"So it was never my intention to make HalfNoise sound like Paramore. I do find it weird when someone from a band leaves a band, and then they start a project that sounds like their original band with a piece missing; it's like they're taking what they're good at and just doing it on their own, instead of making something quite different. So that was my only goal: I didn't want to make these drum records that sound like I'm just drumming on Paramore."
HalfNoise certainly sounds nothing like Paramore, nor does Zac's drumming with one band echo the other. In fact, your average Paramore fan will probably be surprised by the music HalfNoise has to offer. That's not to say they won't like it, just that it's different. HalfNoise is a band that is, as Zac states, "influenced by The Beatles, The Rolling Stones and The Kinks." It's a smart, stylish, 21st-century take on vintage pop music, sharing much more of a kinship with Tame Impala than Taking Back Sunday.
Take his new EP's lead-single, ‘French Class'; a song which Zac describes as "upbeat and dancey, and a representation of where HalfNoise is headed, at least for this record." It's a chilled-out, carefree, organic-sounding track. There's no angst here, just good vibes, fuzzy beats, and a delightful dose of melodic vocals layered over the top. It might not have been his life's ambition, but Zac Farro is a gifted vocalist and lyricist who sounds at home at the forefront of a band.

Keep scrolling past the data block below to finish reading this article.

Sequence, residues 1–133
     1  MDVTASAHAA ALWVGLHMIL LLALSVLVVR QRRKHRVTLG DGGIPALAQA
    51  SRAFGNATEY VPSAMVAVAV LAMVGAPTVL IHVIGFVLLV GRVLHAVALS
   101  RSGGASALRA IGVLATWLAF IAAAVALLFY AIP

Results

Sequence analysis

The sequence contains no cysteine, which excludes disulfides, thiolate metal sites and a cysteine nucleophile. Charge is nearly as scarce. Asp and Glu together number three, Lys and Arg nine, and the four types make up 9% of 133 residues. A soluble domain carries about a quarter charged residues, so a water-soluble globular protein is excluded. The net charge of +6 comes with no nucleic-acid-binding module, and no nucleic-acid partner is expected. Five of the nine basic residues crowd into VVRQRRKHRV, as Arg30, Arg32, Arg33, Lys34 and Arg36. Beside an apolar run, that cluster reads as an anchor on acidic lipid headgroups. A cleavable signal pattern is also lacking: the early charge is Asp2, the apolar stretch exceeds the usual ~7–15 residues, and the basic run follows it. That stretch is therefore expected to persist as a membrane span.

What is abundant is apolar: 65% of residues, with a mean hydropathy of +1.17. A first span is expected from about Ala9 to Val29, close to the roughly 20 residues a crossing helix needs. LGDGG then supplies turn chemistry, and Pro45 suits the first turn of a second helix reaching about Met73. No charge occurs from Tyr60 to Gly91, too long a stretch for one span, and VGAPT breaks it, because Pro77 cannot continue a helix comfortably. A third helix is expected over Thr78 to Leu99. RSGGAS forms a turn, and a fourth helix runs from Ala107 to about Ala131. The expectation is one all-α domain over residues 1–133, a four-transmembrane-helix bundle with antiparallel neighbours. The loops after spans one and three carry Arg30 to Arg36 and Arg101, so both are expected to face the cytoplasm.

HalfNoise had been Zac's main, and for the most part sole musical focus since leaving Paramore – ‘The Velvet Face' is the band's third extended release in as many years – but now the Nashville native is preparing for his artistic life to get extremely busy. Following February's announcement that Zac had re-joined Paramore, he finds himself once again in the public eye. His official return to the pop-rock titans surprised some, but speaking to Zac, it seems like it's something that'd been in the works for a while. He just wanted to make sure that HalfNoise didn't suffer for it.
"I wasn't anticipating on putting anything HalfNoise related out this soon after ‘Sudden Feeling'," Zac explains, "but there was a turn of events with me joining Paramore again. I played on their record, and it was just meshing really well, and it seemed a seamless step in my life." The reunion meant Zac faced a decision: does HalfNoise get put on the backburner to concentrate on Paramore, or does he find a way to continue this project he's been growing for so long? For Zac, it was an easy choice; he just wanted to make sure everything was in place to make it work. "I met with my manager, and we talked about how this year is going to be full of Paramore stuff," states Zac. "But HalfNoise is something we have been building up, and although the world might get busier juggling both things, this is something I want to maintain, and it's something that is important to me." He continues, "I have poured a lot of time into it, and I don't want people to think ‘Oh, he's re-joining Paramore and now he's going to put HalfNoise to rest.' So that was kind of the idea with releasing ‘The Velvet Face' now. I had music spinning around my head; I just needed to get it out there."